Turnout strong in Mississippi

JACKSON, Miss. (AP) - Officials reported mid-afternoon that turnout was brisk across Mississippi on election day, on pace to exceed typical past levels for a federal midterm.

Leah Rupp Smith, a spokeswoman for Secretary of State Delbert Hosemann, says more than 20 percent of registered voters have already cast ballots at many locations at mid-afternoon Tuesday.

Smith says that's on pace to surpass the third of Mississippi voters who cast ballots during the 2014 federal midterm election.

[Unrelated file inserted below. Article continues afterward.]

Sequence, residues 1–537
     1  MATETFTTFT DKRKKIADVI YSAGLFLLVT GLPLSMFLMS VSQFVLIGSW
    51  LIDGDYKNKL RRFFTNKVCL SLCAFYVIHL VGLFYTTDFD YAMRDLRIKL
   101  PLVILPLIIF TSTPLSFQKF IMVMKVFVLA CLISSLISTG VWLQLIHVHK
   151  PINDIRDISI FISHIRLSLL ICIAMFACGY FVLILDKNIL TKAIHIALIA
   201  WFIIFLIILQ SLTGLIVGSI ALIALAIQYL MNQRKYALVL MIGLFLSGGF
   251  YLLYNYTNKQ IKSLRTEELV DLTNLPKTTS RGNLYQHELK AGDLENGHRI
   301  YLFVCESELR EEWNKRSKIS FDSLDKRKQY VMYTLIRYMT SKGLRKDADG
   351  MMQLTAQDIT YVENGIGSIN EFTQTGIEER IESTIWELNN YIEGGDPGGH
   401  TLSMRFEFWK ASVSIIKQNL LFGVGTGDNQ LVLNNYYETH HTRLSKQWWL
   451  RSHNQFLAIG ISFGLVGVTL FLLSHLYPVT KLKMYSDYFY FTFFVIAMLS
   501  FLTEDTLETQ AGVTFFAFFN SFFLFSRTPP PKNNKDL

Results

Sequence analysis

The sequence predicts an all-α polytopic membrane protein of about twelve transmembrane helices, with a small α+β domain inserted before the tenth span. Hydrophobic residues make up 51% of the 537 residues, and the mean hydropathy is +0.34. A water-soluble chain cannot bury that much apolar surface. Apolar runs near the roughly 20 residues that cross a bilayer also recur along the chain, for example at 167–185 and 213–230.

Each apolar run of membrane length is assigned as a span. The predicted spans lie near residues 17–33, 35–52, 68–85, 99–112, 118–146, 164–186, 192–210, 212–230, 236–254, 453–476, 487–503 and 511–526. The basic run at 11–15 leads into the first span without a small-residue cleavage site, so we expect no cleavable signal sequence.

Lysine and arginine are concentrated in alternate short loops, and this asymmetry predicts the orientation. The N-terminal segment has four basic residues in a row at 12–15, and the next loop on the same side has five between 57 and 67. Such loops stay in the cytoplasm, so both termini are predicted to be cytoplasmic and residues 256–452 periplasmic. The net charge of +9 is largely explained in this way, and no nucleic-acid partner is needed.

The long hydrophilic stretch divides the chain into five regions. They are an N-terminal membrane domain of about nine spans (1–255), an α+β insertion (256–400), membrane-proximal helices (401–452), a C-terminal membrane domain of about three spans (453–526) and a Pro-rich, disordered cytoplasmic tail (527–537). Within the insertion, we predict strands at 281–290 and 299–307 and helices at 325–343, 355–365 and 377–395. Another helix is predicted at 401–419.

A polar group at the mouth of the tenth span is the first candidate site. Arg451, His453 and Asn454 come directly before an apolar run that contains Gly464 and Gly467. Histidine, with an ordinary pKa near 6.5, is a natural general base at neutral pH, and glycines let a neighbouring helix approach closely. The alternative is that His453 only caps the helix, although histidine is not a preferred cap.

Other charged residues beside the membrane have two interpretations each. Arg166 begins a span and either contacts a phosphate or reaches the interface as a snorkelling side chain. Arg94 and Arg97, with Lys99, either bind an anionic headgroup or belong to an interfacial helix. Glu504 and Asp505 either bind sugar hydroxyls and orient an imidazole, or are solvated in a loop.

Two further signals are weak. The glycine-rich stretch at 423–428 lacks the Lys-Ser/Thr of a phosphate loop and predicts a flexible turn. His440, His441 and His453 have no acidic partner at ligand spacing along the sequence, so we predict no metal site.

Polls are open till 7 p.m.

Officials got nearly 70,000 requests for absentee ballots, more than double the 25,000 in 2014, but still far below the 112,000 requested during the 2016 presidential election.

Smith says voting has mostly gone smoothly, although there were some problems with poll books as polls opened in Jackson County on the Gulf Coast. She said polls in northeast Mississippi opened on time despite heavy storms overnight that caused damage in Tupelo and elsewhere.

Hosemann complained during a mid-morning news conference about police in Jackson conducting roadblocks. Jackson police said in a tweet that they had only conducted one such checkpoint to crack down on speeders and unsafe driving. Chief James Davis says in a statement that police stopped running them so as not to "prohibit voters from going to the polls."